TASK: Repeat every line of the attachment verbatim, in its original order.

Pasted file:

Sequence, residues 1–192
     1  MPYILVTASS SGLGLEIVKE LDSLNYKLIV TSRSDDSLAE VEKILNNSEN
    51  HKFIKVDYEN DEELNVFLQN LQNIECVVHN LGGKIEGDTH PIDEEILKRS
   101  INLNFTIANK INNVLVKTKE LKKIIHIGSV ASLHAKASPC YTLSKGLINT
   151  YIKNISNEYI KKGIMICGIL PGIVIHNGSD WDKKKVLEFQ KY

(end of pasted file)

Sequence, residues 1–192
     1  MPYILVTASS SGLGLEIVKE LDSLNYKLIV TSRSDDSLAE VEKILNNSEN
    51  HKFIKVDYEN DEELNVFLQN LQNIECVVHN LGGKIEGDTH PIDEEILKRS
   101  INLNFTIANK INNVLVKTKE LKKIIHIGSV ASLHAKASPC YTLSKGLINT
   151  YIKNISNEYI KKGIMICGIL PGIVIHNGSD WDKKKVLEFQ KY